Real Food and Plant Based Diet

Nutrition makes me come alive. I enjoy it so much that I try my best to live a healthy lifestyle everyday. I’m passionate about helping others understand nutrition and implement  changes into their own lives as well. It’s one way that I can extend love to others. Giving them the information and tools to live a healthy life and feel good from the inside out. It’s not easy, but it’s so worth it! Once you decide, take action and start to experience the benefits, you will find that there is a motivation that will start to well up inside of you. Then it will come more naturally.

So, why am I telling you this? As a Registered Dietitian, I want to give the best nutrition advice I can. And I’ve come to the conclusion that nutrition is constantly changing and becoming more and more confusing for the average consumer. What is the best diet? I get asked that all the time. It’s hard to pick one, but it is difficult to beat the simplicity of eating real food and mostly plants. And I want to tell you why.

“Let food be thy medicine and medicine be thy food” -Hippocrates

Why a Plant Based Diet?
produceI know after reading those words, there is already some push back. I hear you. I like meat too. And dairy. And eggs. A plant based diet seems impossible to many of us. Especially living in America and constantly being bombarded with the idea that we deserve fried chicken, a nice filet, or the next triple patty burger. But, have you ever considered what you are actually putting into your body when you eat that kind of stuff? There is a lot of speculation, but I won’t get into that in this post. Our bodies run off of the food we eat. We need good, nutritious fuel to keep us going. When it all comes down to it, I have realized whole foods (fruits, vegetables, and whole grains) are truly the building blocks of a healthy diet. As Michael Pollan said in The Defense of Food, “Eat food. Not too much. Mostly plants”.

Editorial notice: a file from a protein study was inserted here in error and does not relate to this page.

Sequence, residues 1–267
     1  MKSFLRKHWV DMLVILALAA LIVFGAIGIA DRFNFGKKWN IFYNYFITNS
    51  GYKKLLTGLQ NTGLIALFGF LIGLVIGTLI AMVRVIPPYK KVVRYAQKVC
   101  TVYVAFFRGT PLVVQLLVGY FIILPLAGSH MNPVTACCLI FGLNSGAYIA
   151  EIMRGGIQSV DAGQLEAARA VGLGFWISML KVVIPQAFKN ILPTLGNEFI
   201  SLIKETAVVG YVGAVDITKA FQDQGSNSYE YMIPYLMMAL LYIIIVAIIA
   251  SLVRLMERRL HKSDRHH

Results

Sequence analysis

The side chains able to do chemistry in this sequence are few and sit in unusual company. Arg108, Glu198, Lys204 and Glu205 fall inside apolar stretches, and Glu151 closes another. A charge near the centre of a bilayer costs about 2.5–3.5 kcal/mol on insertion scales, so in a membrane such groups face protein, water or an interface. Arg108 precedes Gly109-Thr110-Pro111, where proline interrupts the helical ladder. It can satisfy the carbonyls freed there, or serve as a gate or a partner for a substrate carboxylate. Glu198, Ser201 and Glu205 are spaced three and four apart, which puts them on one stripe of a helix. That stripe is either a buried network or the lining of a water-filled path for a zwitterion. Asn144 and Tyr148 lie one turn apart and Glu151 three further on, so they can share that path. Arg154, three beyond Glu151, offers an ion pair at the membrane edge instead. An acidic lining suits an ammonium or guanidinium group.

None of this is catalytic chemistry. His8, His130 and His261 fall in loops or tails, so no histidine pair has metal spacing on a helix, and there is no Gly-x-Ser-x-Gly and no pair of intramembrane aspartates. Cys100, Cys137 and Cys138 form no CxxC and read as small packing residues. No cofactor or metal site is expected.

Plant based dieting has gained a lot of interest recently with the introduction of popular food documentaries and books. Despite the notion that it looks like another fad diet, I think if adopted correctly it can be a good lifestyle to follow. Many people start a plant based diet to lose weight, improve health, decrease risk of chronic disease (heart disease, diabetes, cancer), or to just stay healthy as they age; BUT you have to also remove the refined, highly processed foods, sugar, and fried foods from your diet to be successful. I like to follow the rule, “everything in moderation”. It’s okay to eat fried foods, red meat, refined grains, and sugar every now and then, but it has become the norm to eat them everyday and at most meals/snacks. This isn’t good for our health. We need to focus on eating less of these and more plants.

How To Still Get Adequate Protein While Minimizing Meat
I do believe protein (meat, poultry, seafood, eggs, and dairy) can still be a part of a healthy meal plan. However, I think minimizing those food groups whenever possible and focusing on increasing fruit and vegetable intake is very important. Plants provide more vitamins, minerals, and fiber, and give you plenty of antioxidants that help fight off inflammation. They are low in calories, and essentially have no saturated fat or cholesterol, unlike the animal protein. Also, you can still get plenty of good protein without all the meat. Some of the best plant based proteins are: spinach, kale, broccoli, edamame, avocado, beans/legumes, and soy. Also, nuts and seeds such as quinoa, flaxseed, and nut butters can all be great alternatives.

How To Get Started